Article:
Some time ago I bought a Metz remote control transmitter 191/1 on ebay. The description stated that the transmitter had been converted to a connection to 12 volts (plug for cigarette lighter).
When I looked at the transmitter a few days ago, I came across an interesting inner workings: in addition to the expected DC voltage regulator for 6 volts according to the battery voltage, a circuit board was built into the battery compartment with a relay, wire potentiometer, motor and a break contact.
After a few tests and considerations, it soon became clear that the transmitter would be clocked by the motor with an interrupter. The switching disk on the motor ensures a pulse-to-pause ratio of 1: 1 and the pulse length can be adjusted via the rotary resistance.
At first this was astonishing to me, since the remote control technology of the time worked more with tone frequencies than with pulse lengths and I tried to imagine the required receiver logic.
After doing some research, I came across the following publication in Funkschau issue 21/1965, in which the process is well explained. Apparently someone has recreated the logic of the transmitter using electromechanical means.
I am not sure whether the approach worked, as my system is quite “built-in” – the integrated voltage regulator is probably the result of a later adjustment / repair, the mechanical and soldering quality are very different, so that the attempts by several owners are assumed and the structure found will certainly not work with its current wiring. But maybe this conversion was also presented in a model making or electronics magazine? – I would be very grateful for any relevant information!
The description of the Metz system in the radio show gives a pulse duration of 5 ms. This would correspond to an engine speed of 6,000 rpm. My measurements with the oscilloscope show that the contacts are at a pulse length< = Bounce heavily for 20 ms. On the other hand, based on the receiver circuit, I can also imagine that a reliable channel differentiation is possible even with larger pulse lengths. As soon as I can get hold of a working receiver, I will check my thesis.
To be continued…
The previous blog describes the Arduino PPM encoder. Together with a multi-protocol module, you can set up a complete remote control transmitter with little additional effort.
To do this, adapt the module using an Arduino prototype shield. However, not all shields are equally suitable. Some shields do not have a hole pattern in the lower right area but a specific layout like the red circuit board in the picture. But you need a prototype board with a complete breadboard like the blue circuit board.
You make the electrical connection between the Arduino and the module with a five-pole pin header with extra-long pins. Insert the pin header into the socket header on the back of the module. Then position the module on the prototype shield and find the correct position for the module and the soldering points that you need to use.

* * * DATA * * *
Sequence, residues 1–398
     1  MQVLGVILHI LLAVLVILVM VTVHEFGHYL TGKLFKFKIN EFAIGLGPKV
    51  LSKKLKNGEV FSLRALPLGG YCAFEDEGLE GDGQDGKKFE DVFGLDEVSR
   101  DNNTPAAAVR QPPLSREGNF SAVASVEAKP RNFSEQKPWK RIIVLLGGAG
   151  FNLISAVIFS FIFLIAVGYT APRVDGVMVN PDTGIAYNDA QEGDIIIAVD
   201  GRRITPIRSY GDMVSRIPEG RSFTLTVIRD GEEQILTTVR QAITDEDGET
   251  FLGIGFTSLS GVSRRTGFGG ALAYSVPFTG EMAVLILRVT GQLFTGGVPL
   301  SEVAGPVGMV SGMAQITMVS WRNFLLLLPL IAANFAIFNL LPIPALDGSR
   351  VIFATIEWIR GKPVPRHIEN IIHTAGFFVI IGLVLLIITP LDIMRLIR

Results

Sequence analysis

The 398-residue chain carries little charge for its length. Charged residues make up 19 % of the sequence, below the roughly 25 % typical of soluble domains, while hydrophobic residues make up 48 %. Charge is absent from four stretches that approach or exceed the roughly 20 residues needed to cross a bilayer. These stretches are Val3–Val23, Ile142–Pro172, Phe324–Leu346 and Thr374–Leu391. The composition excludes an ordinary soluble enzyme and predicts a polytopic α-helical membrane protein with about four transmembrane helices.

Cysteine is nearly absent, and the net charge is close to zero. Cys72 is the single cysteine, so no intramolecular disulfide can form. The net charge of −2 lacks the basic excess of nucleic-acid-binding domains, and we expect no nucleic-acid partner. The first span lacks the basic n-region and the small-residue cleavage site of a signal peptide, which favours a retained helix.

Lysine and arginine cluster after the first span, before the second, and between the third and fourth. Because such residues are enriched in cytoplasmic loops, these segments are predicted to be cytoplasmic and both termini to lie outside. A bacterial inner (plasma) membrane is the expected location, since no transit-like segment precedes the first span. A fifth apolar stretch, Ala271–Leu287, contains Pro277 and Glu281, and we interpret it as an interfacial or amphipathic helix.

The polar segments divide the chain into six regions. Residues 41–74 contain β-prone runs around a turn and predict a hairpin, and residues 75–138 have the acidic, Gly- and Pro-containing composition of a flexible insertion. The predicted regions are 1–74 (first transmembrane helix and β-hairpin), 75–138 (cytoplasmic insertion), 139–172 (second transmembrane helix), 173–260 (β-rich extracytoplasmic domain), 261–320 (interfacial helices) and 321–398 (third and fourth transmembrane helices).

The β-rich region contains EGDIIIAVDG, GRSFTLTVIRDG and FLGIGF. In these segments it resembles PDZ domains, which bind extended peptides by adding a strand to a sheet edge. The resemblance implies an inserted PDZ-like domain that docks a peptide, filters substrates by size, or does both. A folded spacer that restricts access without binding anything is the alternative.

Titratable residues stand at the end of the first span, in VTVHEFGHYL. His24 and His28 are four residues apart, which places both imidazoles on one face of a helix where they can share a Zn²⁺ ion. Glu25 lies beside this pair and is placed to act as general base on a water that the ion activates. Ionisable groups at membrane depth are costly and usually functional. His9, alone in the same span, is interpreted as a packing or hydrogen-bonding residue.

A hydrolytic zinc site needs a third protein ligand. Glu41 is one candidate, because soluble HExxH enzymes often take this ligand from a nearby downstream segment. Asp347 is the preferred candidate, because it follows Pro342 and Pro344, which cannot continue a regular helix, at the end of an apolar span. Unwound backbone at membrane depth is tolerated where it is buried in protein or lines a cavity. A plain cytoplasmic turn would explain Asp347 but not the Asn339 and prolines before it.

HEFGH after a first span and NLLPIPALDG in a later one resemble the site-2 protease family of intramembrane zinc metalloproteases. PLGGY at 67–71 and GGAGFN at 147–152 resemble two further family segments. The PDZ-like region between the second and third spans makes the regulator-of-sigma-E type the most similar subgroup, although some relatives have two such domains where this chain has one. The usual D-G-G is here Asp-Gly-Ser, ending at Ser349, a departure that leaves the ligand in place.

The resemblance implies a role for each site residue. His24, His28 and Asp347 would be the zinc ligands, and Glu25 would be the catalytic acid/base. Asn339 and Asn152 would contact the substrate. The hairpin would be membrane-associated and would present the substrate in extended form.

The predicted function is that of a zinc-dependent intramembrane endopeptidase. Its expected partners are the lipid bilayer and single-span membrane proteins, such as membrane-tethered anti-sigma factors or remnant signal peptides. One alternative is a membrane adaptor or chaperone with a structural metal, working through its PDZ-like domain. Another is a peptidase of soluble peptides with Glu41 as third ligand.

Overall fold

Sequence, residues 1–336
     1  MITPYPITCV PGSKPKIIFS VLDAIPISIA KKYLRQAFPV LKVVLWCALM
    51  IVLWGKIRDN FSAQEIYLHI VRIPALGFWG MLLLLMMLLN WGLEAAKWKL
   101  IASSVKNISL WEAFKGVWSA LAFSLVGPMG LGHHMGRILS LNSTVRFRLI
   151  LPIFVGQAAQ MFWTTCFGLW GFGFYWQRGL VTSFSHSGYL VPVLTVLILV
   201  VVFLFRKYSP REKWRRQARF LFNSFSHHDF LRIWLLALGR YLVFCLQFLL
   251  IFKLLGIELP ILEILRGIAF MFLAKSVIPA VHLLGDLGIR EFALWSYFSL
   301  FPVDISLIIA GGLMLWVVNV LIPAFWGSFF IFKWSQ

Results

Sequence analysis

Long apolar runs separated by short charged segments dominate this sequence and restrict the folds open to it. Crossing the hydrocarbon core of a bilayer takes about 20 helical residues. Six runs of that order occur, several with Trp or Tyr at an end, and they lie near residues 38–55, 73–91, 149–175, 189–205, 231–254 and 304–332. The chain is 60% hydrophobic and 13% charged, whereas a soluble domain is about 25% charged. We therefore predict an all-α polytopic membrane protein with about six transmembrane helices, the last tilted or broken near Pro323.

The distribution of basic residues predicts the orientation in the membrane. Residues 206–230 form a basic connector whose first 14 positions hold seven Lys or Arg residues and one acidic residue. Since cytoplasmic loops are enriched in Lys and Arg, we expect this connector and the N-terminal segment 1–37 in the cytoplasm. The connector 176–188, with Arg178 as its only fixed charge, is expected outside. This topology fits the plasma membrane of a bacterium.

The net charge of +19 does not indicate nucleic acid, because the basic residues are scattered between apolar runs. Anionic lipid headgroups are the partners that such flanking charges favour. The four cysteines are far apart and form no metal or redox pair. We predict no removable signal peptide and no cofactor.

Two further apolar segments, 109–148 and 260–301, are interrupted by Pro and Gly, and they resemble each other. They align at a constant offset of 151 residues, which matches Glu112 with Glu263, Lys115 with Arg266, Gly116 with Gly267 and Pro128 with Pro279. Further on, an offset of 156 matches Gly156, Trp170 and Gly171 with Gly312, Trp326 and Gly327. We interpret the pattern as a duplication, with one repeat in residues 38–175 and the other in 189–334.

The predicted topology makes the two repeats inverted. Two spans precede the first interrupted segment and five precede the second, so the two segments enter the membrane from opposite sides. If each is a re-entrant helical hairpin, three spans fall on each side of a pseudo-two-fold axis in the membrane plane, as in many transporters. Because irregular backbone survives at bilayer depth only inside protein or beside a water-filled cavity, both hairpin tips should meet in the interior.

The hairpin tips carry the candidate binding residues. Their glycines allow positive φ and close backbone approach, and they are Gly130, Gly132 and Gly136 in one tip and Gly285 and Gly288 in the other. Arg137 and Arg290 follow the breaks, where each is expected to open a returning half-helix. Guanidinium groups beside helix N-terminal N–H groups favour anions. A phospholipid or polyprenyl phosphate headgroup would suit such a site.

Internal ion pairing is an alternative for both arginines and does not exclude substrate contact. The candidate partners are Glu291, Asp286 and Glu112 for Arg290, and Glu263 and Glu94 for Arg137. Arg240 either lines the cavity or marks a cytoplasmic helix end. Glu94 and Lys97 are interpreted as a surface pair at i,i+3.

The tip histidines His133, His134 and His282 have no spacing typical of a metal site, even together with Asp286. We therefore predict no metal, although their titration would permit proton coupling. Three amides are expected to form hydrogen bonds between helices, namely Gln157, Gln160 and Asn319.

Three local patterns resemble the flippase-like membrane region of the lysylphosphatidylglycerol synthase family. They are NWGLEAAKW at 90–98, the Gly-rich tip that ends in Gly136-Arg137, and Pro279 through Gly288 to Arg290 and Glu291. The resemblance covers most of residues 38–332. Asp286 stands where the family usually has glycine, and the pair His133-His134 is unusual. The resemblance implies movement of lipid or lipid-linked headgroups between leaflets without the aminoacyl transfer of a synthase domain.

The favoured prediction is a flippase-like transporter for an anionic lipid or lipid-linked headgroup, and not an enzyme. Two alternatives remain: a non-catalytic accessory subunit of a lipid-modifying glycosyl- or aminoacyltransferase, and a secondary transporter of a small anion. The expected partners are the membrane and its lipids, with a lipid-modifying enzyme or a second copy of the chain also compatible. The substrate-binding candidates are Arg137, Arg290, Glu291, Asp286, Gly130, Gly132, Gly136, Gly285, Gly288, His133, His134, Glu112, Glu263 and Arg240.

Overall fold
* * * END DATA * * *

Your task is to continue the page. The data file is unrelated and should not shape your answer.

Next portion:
To ensure a secure hold, I have also provided Velcro tape. Since this additional intermediate layer changes the height of the soldering pins again, you can only solder the pins now.
The wiring for the power supply and for the PPM signal can be found in the picture. The assembly is completed when the module is plugged in.
My previous blogs about connecting a joystick to a model remote control via USB have always used one of my PiKoders. But of course an Arduino can also take over the PPM signal generation.
To implement this idea I created an Arduino Sketch USB2PPM_by_Arduino (Open Source), which you can find on Github . The program implements a PPM encoder whose parameters and channel values are set via serial commands.
For example, you can switch the polarity of the output signal and select the number of PPM channels in the range from one to eight in order to adapt the encoder to your transmitter.
The PPM signal can be found on pin D8. To connect to the student input of your model remote control, you will then need a corresponding cable. It may also make sense to use an Arduino prototype shield that accepts a suitable socket to ensure a stable connection.
For the integration of the PPM encoder into your application, the definition of the commands and messages can be found in the header file protocol.h.
Additionally you will find the Joystick2PPM4Arduino app in the Microsoft Store with which you can connect a joystick or gamepad (DirectX-compatible) to your Arduino-based PPM-Encoder. The app connects to the Arduino Uno, Nano and Pro Micro.